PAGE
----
Because it’s so easy to publish your own digital book (or novella, or short story, or poetry chap book) why not put one together right now?
Yes, the words in it should be good stuff. Yes, it should be professional enough so your readers are enjoying the words, not stumbling over them.
But why not test the waters? Thomas Watson, Jr., the man who made IBM a household name, said “Success is on the far side of failure.” If you want to succeed, fail faster. Do something wild and unpredictable and see how folks react.
And if they don’t, tweak it. Try another angle. Go the opposite direction.
The thing with digital, as with a website, is that it’s easy to test, change, test, and repeat.
The more you experiment, the more you learn. And who knows? You might accidentally discover penicillin.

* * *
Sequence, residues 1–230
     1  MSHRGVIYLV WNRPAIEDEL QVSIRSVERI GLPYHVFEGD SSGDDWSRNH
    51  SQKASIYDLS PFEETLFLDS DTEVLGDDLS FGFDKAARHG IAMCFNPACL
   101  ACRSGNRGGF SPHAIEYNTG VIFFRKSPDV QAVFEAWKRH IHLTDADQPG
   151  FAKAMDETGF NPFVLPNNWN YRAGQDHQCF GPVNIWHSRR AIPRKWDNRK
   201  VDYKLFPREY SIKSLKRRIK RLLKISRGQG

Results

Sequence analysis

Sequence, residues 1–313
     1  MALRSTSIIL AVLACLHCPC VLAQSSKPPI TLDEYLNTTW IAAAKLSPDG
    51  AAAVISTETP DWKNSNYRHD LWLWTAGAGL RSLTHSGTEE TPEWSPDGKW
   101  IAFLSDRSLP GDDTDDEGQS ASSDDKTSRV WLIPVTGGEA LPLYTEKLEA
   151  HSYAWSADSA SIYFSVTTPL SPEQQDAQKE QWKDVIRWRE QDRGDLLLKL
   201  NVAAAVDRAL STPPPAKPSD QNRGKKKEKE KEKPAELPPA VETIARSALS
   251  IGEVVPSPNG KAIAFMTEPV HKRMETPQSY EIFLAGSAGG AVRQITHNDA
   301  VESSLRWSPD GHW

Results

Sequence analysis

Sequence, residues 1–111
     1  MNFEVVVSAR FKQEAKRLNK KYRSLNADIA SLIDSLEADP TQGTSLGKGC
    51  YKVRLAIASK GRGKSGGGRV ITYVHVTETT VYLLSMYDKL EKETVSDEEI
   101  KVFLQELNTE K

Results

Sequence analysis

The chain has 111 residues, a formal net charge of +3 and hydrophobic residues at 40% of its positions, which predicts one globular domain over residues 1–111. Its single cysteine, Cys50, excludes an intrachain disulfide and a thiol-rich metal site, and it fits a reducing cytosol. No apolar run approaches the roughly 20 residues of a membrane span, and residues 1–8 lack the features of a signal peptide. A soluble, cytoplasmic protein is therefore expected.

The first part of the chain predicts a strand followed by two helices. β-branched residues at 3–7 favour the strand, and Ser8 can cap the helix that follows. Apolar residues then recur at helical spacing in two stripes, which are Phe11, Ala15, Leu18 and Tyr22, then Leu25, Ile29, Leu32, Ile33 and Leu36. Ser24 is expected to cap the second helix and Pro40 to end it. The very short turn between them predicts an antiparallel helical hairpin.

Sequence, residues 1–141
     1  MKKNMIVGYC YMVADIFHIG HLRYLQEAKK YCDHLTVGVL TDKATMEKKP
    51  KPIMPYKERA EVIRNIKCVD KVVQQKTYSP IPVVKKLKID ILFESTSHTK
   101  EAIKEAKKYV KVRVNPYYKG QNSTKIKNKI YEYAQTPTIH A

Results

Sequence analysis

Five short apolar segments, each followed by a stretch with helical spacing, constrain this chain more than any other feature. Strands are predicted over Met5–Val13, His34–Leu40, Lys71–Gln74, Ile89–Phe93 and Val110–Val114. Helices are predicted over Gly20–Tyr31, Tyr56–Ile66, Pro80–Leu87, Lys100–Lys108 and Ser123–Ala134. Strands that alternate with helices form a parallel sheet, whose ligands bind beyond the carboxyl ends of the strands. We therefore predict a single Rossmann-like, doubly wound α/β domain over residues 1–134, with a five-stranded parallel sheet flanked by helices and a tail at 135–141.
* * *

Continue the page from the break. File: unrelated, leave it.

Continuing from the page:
Here’s My Experiment
I’ve been writing one of my Chandleresque cozies right out in public, over at my personal blog. There are 42 chapters posted, with about 15 left to go. Some of you have been reading it as I write and post it. It’s a little scary, giving people the first draft, unedited (and sometimes unproofed.)
It’s also a little scary, giving it away when I fully intend to sell it.
Here’s what I did: today’s post is the “all is lost” moment. Our hero thought he’d hit bottom a little while ago, but then the bottom fell out. Readers can either continue reading it, absolutely free, as I post a chapter a day for the next two weeks, or they can buy the book and finish it tonight.
Digital: What Else Do You Need to Know?
What questions have been raised by this week’s posts on digital publishing and ebooks? What did I miss?
Give me a shout and we’ll fill the gap.